When work brings you new homes around the world

Thoughts of working abroad and lessons so far learned by our Co-Founder Iiris, working as an 1st Assistant Director, currently in Stockholm Sweden until mid-March 2021.

There was a time when I only fantasised of working outside Finland – or even just outside of Helsinki. I thought I’d never have the opportunity to be on a crew of any international productions and especially anything that’d be filming somewhere else than in Finland. 

Firstly this myth was broken when I joined Iron Sky team to work on the post production of extended cut of the film. Obviously I realised I’d jumped into a massive three counrty co-production, coordinating crews from Germany, Australia, Finland and even Slovenia. I was puzzled, over the moon. At 20 years old I found myself already accomplishing my dreams. 

Lesson #1 learned: dream cost-effectively, dream even of small things, like working on any international film, on any role. You may realise suddenly and very quickly you’ve already accomplished it. 

My first film markets as part of Iron Sky team, Berlinale & EFM 2013 and Cannes Film Festival & Marcé Du Film 2013.

After my work at Iron Sky I visited animation world quickly by being Director’s Assistant on Angry Birds Toon series. We had crew from dozens and dozens of countries on board – literally I’d hear a new accent every day when walking to the studio. I met top level animators, storyboard artists and directors of the world. Even though I wasn’t really doing exactly what I wanted I got lots and lots of practice on understanding leadership and different working cultures – not to mention animation workflow itself. 

Lesson #2: international productions aren’t that simple or easy. Actually they require two times more communication, to make sure everyone is on the same page though they’re not using their first language.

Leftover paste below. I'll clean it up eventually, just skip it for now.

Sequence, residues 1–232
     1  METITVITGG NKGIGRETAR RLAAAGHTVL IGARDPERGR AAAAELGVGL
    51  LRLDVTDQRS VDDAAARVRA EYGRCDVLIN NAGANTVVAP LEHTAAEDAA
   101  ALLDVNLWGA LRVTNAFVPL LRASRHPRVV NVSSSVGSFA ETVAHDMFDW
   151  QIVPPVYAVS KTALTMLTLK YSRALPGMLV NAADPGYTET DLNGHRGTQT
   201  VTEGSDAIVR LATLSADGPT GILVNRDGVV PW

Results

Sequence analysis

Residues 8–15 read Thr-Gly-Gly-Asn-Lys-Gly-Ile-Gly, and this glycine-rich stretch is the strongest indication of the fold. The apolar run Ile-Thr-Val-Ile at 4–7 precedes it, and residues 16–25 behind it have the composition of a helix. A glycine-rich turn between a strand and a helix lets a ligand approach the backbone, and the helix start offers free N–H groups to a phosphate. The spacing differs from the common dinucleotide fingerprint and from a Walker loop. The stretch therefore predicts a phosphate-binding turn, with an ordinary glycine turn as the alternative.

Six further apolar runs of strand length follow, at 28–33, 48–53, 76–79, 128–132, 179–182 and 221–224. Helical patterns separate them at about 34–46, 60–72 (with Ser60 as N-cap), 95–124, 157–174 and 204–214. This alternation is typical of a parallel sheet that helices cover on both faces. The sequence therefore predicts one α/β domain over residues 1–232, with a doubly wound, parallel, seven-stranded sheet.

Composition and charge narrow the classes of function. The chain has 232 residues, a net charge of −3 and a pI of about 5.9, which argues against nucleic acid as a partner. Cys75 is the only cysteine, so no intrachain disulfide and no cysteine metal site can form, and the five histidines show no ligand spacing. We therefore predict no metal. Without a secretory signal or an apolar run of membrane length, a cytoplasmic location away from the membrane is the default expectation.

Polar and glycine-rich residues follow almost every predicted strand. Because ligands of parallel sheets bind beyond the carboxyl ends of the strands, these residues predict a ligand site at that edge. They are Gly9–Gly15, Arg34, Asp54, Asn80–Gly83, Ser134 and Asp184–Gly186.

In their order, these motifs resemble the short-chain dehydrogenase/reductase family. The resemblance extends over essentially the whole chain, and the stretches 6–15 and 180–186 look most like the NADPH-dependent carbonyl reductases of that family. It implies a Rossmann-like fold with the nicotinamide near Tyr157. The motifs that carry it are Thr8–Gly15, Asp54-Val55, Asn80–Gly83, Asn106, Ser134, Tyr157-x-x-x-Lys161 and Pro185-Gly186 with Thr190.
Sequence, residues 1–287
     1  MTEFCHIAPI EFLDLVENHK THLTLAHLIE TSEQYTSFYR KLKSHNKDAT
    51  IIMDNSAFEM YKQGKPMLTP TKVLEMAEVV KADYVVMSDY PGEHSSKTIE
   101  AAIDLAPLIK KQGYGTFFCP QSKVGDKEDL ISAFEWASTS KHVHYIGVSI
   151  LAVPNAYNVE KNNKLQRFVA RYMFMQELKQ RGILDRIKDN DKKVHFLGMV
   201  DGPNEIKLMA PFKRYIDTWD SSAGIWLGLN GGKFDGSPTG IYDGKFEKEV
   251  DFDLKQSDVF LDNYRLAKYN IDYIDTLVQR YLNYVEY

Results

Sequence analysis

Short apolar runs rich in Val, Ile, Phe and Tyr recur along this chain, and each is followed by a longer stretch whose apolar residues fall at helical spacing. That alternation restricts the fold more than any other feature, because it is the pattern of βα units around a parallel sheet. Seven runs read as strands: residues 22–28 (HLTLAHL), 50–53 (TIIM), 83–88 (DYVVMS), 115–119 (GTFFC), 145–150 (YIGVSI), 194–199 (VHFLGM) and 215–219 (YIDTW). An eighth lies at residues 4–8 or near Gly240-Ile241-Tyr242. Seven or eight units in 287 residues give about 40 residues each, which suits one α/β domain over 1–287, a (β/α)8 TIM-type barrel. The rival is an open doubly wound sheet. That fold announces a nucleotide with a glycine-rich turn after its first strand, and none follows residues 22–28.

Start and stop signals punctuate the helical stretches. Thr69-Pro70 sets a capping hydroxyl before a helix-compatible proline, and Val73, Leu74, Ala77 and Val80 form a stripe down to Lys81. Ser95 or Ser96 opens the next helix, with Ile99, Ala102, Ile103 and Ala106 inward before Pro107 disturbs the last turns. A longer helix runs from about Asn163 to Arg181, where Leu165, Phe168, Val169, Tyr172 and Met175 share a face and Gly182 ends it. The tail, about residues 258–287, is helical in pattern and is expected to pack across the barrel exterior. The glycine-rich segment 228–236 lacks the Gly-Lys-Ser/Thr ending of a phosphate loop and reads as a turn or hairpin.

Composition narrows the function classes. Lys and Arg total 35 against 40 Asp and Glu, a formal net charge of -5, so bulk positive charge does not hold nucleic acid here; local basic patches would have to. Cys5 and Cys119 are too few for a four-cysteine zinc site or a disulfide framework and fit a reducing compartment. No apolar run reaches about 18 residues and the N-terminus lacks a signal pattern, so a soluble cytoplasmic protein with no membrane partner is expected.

Farewell card and Rovio team card with office breakfast in 2014. Still miss these amazing, crazy and inspiring animators!

I would have maybe never understood my potential unless there’d been Production Value workshop that was recommended to me. It was truly jump to the deep end, I felt like I’d die of the scare I had, that I’d never be as good as all the rest in the workshop. Still to this day I have no idea how I got in as I didn’t have that much experience. But somehow someone saw something in me and this is the pure reason why no one should ever stop trying to chase their dreams. 

“It has become very clear to me it was a step to the right direction and has given me more confidence and skills than I (or anyone else) realised. Suddenly I do understand making films outside Finland will be possible for me and there is no limit when I just keep on going. I never really thought about this so far but now it feels making my first international co-production in the AD department could be just around the corner.”

This is what I wrote to my final report in the beginning of 2015 when completing my training. I’m deeply thankful for getting that sparkle in.

Soon after I’d finished my work at Rovio began an era I truly started my 1st AD work on professional films. On the first years I was the most frustrated of only landing in domestic productions, not getting to widen my ideas of ADing, sometimes being even arrogant on thinking these wouldn’t educate or challenge me enough. I made enough mistakes to get real and understand every single production teaches me. I am never ready. I always have things to learn. 

Fast forwarding to lesson #3: even domestic teaches you to be more ready for international stuff. Work.

I think the first time I ran a professional, large scale set outside Finland was in 2016 for some commercials in Estonia. I didn’t have much time to prepare and I knew no one in the crew. I was more or less horrified – and lucky, as it went well. I found solutions I could offer and met some people who later became my good friends (also tell a Finn who doesn’t love jumping into an Estonian set and meeting old schoolers who know how to speak Finnish with them, with the lovely, warm Estonian accent). But my real stepping stone was filming feature film Heavy Trip in Norway in 2017.